Dental Health and Root Canals

What Is a Root Canal?

A root canal is a treatment used to repair and save a tooth that is badly decayed or infected. A tooth's nerve and pulp can become irritated, inflamed, and infected due to deep decay; repeated dental procedures on a tooth; or large fillings, a crack, or chip in the tooth. It also can happen because of trauma to the face.

During a root canal procedure, the nerve and pulp of the tooth are removed and the inside is cleaned and sealed. Without treatment, the tissue surrounding the tooth will become infected and an abscess may form.

A tooth's nerve is not vitally important to a tooth's health and function after the tooth has come through the gums. Its only function is sensory -- to give the sensation of hot or cold. The absence of a nerve won’t affect how your tooth works.

Root canal procedures have the reputation of being painful. But the procedure itself is no more painful than having a filling placed.

Why Does Tooth Pulp Need to Be Removed?

When a tooth's nerve tissue or pulp is damaged, it breaks down and bacteria begin to multiply within the pulp chamber. The bacteria and other decayed debris can cause an infection or abscessed tooth. An abscess is a pus-filled pocket that forms at the end of the roots of the tooth. An abscess happens when the infection spreads all the way past the ends of the roots of the tooth. An infection in the root canal of a tooth can also cause:

  • Swelling that may spread to other areas of the face, neck, or head
  • Bone loss around the tip of the root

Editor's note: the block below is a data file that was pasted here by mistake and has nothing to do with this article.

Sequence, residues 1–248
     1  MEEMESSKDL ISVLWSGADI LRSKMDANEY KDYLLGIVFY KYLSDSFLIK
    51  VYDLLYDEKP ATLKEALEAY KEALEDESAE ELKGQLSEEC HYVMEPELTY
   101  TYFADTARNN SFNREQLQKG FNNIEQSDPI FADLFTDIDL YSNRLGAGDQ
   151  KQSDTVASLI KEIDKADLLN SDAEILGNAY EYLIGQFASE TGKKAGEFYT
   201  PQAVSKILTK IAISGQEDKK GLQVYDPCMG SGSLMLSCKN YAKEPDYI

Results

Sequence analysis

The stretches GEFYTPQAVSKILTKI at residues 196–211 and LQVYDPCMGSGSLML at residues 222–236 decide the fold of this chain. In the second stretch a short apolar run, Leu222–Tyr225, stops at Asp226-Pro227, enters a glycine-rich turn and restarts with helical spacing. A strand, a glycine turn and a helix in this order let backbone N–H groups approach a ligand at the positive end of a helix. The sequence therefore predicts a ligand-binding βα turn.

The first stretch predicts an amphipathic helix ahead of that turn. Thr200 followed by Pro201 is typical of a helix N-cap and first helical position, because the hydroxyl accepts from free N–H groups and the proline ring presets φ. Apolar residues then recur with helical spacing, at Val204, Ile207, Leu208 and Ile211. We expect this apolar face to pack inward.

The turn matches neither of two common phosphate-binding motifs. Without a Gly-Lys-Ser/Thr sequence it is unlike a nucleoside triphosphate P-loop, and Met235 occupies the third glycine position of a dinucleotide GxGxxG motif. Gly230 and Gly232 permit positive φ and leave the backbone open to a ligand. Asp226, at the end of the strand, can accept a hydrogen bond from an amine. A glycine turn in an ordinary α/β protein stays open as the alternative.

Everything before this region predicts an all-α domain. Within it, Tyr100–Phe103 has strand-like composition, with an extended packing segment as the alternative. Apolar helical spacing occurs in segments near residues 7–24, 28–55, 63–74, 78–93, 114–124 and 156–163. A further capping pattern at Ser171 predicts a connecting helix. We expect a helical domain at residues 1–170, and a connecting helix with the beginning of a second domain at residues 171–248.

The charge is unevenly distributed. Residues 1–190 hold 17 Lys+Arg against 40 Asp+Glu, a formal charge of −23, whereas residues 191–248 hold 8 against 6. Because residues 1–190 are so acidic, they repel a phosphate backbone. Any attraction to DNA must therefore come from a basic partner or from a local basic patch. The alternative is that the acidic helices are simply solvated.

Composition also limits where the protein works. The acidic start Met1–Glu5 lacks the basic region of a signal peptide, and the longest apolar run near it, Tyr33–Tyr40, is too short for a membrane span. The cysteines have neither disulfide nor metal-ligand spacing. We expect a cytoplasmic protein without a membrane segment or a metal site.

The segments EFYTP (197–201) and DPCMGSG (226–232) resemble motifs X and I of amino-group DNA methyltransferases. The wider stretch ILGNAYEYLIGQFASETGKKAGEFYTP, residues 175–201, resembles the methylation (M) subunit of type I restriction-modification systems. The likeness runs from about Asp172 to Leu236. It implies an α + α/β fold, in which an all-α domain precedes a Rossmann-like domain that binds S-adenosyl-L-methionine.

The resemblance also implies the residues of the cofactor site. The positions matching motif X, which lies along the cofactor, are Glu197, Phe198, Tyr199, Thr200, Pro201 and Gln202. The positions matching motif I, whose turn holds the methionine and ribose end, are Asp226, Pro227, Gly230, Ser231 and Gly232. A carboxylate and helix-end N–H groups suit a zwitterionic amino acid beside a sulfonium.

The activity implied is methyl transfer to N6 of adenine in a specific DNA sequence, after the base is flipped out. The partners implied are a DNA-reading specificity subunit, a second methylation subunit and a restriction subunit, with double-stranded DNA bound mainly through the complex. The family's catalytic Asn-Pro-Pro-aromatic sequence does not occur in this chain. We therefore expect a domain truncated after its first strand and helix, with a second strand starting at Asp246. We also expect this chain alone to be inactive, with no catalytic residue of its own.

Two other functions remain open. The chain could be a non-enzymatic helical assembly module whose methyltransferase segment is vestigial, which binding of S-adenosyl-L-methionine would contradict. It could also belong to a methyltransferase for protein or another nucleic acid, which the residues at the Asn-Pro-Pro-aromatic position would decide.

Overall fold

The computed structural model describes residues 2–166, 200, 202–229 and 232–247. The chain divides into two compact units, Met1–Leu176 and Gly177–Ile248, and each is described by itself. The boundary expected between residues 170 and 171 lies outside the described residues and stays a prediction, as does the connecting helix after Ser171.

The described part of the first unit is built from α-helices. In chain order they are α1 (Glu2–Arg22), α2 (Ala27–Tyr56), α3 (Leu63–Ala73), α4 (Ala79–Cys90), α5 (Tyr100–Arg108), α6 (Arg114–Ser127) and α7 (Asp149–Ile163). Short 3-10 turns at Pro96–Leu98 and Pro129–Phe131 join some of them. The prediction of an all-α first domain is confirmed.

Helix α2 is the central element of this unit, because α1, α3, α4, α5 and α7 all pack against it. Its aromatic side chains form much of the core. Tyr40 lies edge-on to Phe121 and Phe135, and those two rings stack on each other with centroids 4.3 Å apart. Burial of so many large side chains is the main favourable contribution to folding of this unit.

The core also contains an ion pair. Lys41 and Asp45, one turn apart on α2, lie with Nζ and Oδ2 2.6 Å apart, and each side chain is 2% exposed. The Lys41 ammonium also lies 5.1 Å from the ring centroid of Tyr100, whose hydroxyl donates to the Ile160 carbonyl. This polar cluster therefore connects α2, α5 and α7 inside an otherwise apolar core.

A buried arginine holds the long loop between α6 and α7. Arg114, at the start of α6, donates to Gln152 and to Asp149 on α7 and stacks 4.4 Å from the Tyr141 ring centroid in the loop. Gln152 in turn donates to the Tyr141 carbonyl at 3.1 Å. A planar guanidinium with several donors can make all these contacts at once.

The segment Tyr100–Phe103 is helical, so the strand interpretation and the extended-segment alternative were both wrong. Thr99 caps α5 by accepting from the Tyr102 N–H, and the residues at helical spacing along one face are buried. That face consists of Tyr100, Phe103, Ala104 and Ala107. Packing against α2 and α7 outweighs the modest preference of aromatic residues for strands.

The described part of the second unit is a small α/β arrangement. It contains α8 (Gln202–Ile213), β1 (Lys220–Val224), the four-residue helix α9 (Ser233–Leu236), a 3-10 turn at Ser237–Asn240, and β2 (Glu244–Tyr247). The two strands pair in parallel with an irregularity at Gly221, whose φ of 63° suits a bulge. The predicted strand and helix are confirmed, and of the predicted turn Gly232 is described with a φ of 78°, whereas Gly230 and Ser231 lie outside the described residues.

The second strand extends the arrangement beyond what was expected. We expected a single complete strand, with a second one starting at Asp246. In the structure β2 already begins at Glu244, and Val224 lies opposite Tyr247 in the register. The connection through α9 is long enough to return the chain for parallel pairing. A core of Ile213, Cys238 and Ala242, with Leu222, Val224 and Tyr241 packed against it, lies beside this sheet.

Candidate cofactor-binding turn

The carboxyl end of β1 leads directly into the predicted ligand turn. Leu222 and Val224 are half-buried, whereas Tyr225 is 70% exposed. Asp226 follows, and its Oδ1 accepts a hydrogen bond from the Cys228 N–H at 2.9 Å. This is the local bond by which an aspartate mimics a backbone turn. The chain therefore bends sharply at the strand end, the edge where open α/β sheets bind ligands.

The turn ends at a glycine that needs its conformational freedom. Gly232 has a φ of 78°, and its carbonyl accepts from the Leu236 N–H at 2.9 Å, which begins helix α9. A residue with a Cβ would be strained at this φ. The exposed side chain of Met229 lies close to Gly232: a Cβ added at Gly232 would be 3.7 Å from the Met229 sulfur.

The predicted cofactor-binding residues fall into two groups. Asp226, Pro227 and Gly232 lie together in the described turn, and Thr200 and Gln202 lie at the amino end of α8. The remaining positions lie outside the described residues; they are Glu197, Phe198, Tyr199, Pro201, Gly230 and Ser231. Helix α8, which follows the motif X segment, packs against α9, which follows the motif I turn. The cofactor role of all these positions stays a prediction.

• Drainage problems extending outward from the root. A hole can occur through the side of the tooth with drainage into the gums or through the cheek with drainage into the skin.

What Are the Signs That a Root Canal Is Needed?

If you need a root canal, you may notice these signs:

  • Tooth sensitivity that lingers, especially to heat or cold
  • Sharp pain when chewing or biting
  • Pimples on your gums
  • Chipped or cracked teeth
  • Swollen or painful gums
  • Deep decay or darkened gums

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Root Canal Procedure

A dentist or endodontist can perform a root canal. An endodontist is a dentist who specializes in the causes, diagnosis, prevention, and treatment of diseases and injuries of dental pulp or the nerve of the tooth. If your root canal may be more difficult, your general dentist may suggest you see an endodontist.

The procedure will follow these steps:

  • Your dentist will take an X-ray to see the shape of the root canals and determine if there are any signs of infection in a surrounding bone. They’ll use local anesthesia to numb the area near the tooth. You may not need anesthesia since the nerve is dead, but most dentists still anesthetize the area to make you feel more relaxed.
  • To keep the area dry and free of saliva during treatment, your dentist will place a rubber dam (a sheet of rubber) around the tooth.
  • The next step is drilling an access into the tooth. The pulp, bacteria, and decayed nerve tissue are removed from the tooth. The area is cleaned out using a series of root canal files. They’re placed into the access hole and work down the full length of the tooth to scrape and scrub the sides of the root canals. As the work is done, water or sodium hypochlorite will be sprayed in the area to flush away the debris.
  • Once the tooth is thoroughly cleaned, it’s sealed. Some dentists like to wait a week before sealing the tooth. For instance, if there is an infection, your dentist may put a medication inside the tooth to clear it up. Others may choose to seal the tooth the same day it is cleaned out. If the root canal isn’t done on the same day, a temporary filling is placed in the exterior hole in the tooth to keep out saliva and food between appointments.
  • At the next appointment, to fill the interior of the tooth, a sealer paste and a rubber compound called gutta percha are placed into the root canal. A filling will be put in to close the access hole created at the beginning of treatment.